- Health & Science
- Tech Talk
Gaining Competitive Advantage in the Coming Generation of Digital Cell Imaging in Life Science
Today’s customers in the field of life science and in vitro diagnostics want complete, flexible workflow systems that can process in vitro samples quickly with a minimum of human error. Researchers and technicians in cell imaging, and molecular diagnostics in the life sciences are looking for high automation in a small footprint. Here’s how to cater to that market., Ute Hofmann
Providing accessible solutions in novel cell imaging applications
To gain competitive advantage and dominate the market, understanding the goals of the specific cell imaging application is key. This is a challenge if the application is innovative, and by no means established in the marketplace so that users may have time to express their requirements. Time to market becomes a key issue, since there is an inherent advantage in being a recognized pioneer and leader. It’s a matter of timing to launch a highly competent product, beat your rivals to market and win market share. Additionally, it’s a great advantage to be able to develop generations 2 and 3 of your product efficiently, without having to start from scratch every time.
Microscopy’s evolution over the past decades has transformed the technology. Compound microscopes advanced to electron microscopy, giving us insights that were impossible before, furthering the understanding of biological structures and elucidating complex molecular mechanisms. The digitalization of microscopy together with the advent of antibody-fluorophore technology launched a new era. Empowering scientists and engineers to incorporate microscopy into specific targeted multiplex technologies, digitalization unlocked a vast array of possibilities. Digitalization allows for microscopy to become accessible to a wide range of scientific applications, the integration of customized software analysis, and novel methods of detection and analysis, shifting microscopic research from mere observation at the lab bench to highly targeted, quantitative analysis.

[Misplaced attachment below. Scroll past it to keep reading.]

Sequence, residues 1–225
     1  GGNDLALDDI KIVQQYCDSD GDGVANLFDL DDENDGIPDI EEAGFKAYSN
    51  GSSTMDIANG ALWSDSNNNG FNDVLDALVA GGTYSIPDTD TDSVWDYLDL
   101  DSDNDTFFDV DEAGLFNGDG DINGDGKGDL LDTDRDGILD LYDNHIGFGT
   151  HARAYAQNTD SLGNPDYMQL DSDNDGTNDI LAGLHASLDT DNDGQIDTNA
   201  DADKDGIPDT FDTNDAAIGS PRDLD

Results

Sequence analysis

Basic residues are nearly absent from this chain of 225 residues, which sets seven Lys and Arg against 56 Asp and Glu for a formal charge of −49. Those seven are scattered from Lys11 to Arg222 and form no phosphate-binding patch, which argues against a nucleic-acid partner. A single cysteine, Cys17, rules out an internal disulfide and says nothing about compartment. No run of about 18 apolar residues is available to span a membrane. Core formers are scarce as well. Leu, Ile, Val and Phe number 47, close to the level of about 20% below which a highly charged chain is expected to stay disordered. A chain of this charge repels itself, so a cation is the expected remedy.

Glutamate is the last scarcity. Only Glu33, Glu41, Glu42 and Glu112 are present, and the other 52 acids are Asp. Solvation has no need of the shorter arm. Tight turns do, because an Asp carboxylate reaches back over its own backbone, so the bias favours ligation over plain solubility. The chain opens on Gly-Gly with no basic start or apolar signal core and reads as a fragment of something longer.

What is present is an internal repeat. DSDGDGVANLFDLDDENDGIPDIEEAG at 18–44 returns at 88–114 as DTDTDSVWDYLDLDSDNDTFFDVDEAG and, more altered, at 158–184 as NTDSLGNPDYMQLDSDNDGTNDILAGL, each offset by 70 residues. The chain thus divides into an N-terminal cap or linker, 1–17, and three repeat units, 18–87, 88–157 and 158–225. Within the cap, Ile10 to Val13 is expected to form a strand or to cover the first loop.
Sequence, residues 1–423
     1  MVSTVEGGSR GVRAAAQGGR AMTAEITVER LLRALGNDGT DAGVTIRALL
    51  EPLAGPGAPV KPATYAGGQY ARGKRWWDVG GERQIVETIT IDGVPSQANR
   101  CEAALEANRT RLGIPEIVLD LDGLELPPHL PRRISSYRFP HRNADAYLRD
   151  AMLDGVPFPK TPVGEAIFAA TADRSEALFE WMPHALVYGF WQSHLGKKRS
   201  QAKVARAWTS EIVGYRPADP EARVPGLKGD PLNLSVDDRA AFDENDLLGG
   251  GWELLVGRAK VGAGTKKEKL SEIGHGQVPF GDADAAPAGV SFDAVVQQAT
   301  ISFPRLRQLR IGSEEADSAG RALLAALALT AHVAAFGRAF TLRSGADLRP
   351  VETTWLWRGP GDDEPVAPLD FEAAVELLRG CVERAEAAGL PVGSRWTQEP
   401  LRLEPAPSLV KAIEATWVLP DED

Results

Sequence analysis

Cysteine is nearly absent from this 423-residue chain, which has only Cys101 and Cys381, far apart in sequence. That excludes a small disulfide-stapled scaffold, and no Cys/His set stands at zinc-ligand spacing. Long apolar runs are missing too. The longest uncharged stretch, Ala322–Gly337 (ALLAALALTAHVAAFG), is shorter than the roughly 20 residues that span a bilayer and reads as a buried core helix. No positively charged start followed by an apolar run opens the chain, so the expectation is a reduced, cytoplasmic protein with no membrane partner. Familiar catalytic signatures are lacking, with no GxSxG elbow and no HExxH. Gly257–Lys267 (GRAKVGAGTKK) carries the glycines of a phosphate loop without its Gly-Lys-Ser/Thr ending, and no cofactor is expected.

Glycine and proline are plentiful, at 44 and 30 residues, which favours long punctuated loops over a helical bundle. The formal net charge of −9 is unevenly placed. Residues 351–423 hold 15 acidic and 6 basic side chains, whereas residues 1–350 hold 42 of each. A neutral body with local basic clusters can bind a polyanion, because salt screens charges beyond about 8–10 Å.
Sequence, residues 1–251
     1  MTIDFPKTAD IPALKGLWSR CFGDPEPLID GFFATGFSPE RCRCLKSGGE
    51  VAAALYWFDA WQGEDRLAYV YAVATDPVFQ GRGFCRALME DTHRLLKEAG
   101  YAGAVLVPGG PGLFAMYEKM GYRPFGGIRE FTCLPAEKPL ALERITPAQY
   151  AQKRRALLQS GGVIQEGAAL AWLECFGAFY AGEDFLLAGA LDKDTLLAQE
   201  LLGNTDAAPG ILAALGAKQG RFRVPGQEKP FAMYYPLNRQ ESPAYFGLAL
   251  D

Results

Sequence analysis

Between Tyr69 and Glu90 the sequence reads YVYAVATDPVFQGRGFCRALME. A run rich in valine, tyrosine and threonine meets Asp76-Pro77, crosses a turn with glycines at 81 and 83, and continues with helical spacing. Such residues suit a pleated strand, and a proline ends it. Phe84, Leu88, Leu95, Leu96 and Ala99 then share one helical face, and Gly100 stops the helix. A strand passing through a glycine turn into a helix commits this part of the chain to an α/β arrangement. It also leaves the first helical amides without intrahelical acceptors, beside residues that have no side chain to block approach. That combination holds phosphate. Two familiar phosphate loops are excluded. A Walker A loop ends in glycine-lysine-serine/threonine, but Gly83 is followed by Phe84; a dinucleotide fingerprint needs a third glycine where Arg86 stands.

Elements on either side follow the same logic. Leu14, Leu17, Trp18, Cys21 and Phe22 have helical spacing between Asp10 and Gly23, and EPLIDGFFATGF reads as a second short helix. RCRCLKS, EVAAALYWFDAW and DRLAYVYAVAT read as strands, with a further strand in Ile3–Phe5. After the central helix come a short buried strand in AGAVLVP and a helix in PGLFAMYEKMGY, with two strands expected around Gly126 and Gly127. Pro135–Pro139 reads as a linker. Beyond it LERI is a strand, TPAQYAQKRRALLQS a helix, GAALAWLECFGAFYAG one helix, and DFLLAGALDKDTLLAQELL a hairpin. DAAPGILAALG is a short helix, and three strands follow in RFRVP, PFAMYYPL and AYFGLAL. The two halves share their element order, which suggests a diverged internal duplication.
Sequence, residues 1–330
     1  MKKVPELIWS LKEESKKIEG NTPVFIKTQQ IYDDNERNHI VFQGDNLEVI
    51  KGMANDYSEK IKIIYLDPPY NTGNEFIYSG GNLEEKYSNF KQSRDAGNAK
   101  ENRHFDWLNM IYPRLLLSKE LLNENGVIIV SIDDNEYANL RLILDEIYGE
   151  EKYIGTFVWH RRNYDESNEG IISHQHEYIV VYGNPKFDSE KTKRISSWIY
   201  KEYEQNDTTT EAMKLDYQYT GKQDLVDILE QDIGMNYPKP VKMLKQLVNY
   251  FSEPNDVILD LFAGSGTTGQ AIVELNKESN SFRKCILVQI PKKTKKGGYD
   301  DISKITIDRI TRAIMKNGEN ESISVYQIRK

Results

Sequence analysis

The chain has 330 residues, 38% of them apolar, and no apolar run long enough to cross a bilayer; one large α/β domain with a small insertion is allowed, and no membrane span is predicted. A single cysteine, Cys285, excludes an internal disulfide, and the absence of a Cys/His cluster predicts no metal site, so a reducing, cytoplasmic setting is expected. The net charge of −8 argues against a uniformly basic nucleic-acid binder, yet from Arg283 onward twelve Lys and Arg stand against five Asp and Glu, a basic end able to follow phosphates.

Digital fluorescence and chemiluminescence imaging have empowered Confocal Microscopy, Multiplex Western Blotting, Next Generation Sequencing, High Content Analysis, High Throughput Screening and Live Cell Imaging, amongst many other groundbreaking applications. The next era of applications in cell imaging and detection, from rapid microbial and cancer diagnostics, microtumor analysis to circulating tumor cell DNA detection, will likely become even more specific in its targeting of specific epitopes and DNA and RNA sequences. The dedication of the device to the application and the success of analysis in the hands of any operator will be key to the success of your life science imaging product.
Ultimately, integrated digital microscopy enables long term predictive analytics, offering users the ability to anticipate next steps faster (e.g. when to introduce a drug or probe) and with more precision. These types of applications place great emphasis on maintaining the health and viability of cells, meaning that the vessel (the chamber or incubator) supporting the cells is just as important (if not more important) than the imaging system. Miniaturization of the imaging system affords more flexibility in the device that is keeping the cells alive and healthy.
Towards operator-independent fit-for-purpose imaging systems
The automation of imaging and measurement workflow allows for reduced operator intervention which minimizes errors. The beauty of an integrated approach to digital bio-imaging is that it is straightforward and easy to use from an operator point of view, you can write dedicated software for the application, and no special training or high-level expertise is required to run the application. Imaging and assay results become independent of the user. Subsequently, automation leads to increased reproducibility. Reproducibility, particularly of cell-based assays, is critical. Integrated digital bio-imaging allows for the addition of features to increase reproducibility and therefore increase reliability and robustness of crucial analytics in research and diagnostic settings. Integrated software tools further streamline complex measurements. For instruments to be seamlessly integrated in a complex diagnostic workflow, ease of use is an important aspect to consider. You can help users to comfortably operate instruments over long periods of time by paying attention to operator ergonomics; integrated digital microscopy facilitates this.